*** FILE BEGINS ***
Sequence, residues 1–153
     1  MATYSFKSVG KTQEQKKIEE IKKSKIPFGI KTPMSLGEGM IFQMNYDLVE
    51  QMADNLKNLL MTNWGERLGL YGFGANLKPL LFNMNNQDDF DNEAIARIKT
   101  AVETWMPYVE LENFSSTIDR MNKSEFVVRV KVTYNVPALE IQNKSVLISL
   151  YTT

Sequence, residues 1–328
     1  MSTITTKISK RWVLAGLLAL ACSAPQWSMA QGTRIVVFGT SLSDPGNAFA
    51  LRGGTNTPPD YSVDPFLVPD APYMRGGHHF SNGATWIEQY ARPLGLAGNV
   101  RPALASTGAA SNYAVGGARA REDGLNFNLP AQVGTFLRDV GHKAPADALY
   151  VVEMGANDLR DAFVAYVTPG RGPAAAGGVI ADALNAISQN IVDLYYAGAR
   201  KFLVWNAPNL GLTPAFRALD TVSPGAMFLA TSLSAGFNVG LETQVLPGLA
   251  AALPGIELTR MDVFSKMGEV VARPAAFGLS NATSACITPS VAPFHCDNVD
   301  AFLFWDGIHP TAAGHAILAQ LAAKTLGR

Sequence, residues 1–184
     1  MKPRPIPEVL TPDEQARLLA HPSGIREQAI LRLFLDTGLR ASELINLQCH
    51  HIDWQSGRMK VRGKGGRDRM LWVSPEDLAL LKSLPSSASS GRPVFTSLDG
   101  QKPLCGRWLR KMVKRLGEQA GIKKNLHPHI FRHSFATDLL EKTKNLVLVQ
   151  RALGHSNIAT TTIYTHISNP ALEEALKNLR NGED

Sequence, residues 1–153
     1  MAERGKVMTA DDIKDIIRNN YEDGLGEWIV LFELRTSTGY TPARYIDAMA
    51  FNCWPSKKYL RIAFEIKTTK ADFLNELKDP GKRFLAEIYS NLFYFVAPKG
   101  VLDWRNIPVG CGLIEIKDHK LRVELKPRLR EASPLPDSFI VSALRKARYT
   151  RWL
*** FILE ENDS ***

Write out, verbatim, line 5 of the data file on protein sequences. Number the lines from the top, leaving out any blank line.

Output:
   151  YTT